It's good, but it ain't perfect.
In case you didn't know, I like Apple Music. But that doesn't mean I love it unconditionally.
There isn’t much I don’t like about Apple Music. As you saw in my earlier piece, “What I love about Apple Music,” there’s a lot about the music-streaming service which brings a smile to my face. Its user interface (UI) and overall ease of use, its Apple Watch integration, the For You tab, and much more will see me continue to use the service even once my three-month free trial has expired. However, there are nevertheless a couple of aspects which I wish Apple would improve. Let’s take a look at them now.
Importing your data ...
... is a bit of a nightmare.
Like me, you might have moved to Apple Music from another music-streaming service, such as Spotify or Rdio. Though there are a few possible options for migrating your data from one of these services into Apple Music, it’s not possible to easily transfer your digital library from one music-streaming service to Cupertino’s new offering.
Transferring your data into Apple Music from a different streaming service is ... a real headache.
This means your years of Spotify or Rdio playlists, as extensive as they may be, will be lost once you take the plunge and dive head-first into Apple Music’s three-month free trial. This could put hardcore music fans off switching to the service.
Add to a playlist
Here's another Apple Music "quirk"
Apple Music isn’t without its share of design quirks, despite the overall promise of the service. One such problem concerns the cumbersome process of adding tracks to playlists. It seems iOS device owners can only add tracks to playlists which have already been created, rather than to a brand new playlist in Apple Music.
This means new playlists must be created from a selected interface beforehand, and renders on-the-go playlist curation and creation a more complex task than it should be. Apple will likely correct this in iOS 8.4.1 (or even iOS 9), but this is nevertheless another aspect of Apple Music which I find incredibly annoying.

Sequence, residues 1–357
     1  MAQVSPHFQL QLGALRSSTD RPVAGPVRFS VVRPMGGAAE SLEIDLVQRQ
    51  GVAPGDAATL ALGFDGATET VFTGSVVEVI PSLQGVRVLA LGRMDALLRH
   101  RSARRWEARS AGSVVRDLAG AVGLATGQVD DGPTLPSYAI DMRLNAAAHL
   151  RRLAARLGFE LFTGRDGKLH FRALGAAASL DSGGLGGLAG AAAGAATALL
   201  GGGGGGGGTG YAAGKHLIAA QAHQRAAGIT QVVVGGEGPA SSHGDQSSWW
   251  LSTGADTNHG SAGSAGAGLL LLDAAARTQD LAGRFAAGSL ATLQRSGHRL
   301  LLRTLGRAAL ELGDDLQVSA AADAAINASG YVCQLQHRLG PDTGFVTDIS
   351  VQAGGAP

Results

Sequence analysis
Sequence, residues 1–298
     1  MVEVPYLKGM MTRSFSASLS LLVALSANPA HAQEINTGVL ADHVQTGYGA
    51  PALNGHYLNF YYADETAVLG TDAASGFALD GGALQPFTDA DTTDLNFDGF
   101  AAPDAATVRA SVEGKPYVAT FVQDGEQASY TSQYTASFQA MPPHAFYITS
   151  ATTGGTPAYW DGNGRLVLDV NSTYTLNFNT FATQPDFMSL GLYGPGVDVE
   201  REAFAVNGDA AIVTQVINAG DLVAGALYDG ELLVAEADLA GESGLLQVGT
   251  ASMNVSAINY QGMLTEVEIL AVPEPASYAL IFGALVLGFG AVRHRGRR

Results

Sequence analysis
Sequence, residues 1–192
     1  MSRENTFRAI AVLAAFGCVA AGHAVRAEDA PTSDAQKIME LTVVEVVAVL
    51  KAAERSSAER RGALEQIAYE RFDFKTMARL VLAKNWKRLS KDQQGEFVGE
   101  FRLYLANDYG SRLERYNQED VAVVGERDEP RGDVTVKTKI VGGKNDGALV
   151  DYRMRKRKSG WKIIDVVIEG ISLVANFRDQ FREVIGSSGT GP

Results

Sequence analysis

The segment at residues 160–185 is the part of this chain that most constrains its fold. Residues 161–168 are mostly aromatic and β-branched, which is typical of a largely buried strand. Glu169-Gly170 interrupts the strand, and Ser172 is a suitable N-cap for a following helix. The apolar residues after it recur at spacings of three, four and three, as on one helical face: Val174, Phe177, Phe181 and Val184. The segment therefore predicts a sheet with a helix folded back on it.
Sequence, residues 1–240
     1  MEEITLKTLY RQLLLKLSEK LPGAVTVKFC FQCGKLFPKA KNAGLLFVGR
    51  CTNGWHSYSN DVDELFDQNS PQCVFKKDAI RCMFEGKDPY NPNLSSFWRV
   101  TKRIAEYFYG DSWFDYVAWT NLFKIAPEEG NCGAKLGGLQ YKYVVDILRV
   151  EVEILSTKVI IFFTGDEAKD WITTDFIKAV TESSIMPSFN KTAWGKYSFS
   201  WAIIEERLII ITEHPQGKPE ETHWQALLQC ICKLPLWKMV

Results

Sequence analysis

(To create a new playlist in the iOS Music app, navigate to My Music, then swipe right for Playlists. From here, choose the button labeled New, which appears in the upper-right-hand side of the interface.)
Where's the Web app?
I want to access Apple Music from anywhere! But I can't
Apple Music can be enjoyed on an iOS device, or on a desktop computer using the iTunes app for OS X and Windows. But what about the Web? At the minute, no Web interface for Apple Music is available for subscribers, meaning office computers will likely go without access to Cupertino’s music streaming service for some time. Given the availability of iCloud.com’s various Web apps, I’m guessing support for Apple Music is incoming. Hopefully we won’t have too long to wait before the service is accessible from the Web only.
There are other problems, too ...
... more than we could possibly list here!
As a new service, it’s unsurprising to see that Apple Music ships with its share of quirks. I’ve encountered more than a handful during my use of the service: at times, tracks play muted, songs or albums are unavailable, and saving albums to the app’s “My Music” interface downright doesn’t work. Given time, Apple will surely iron out these problems (and more), rendering Apple Music a more stable experience for music fans. For now, as a “first generation” service, there are bugs aplenty in Apple Music. Don’t be surprised if you come across a few during your use of the service.
(Don’t feel put off; Apple Music is nevertheless a great service — in case you didn’t see, I really do love it. But there are problems, as you’d expect from any first-generation product. In time, Apple Music will be great. Though for now, proceeding with caution is perhaps the best course of action music aficionados can take.)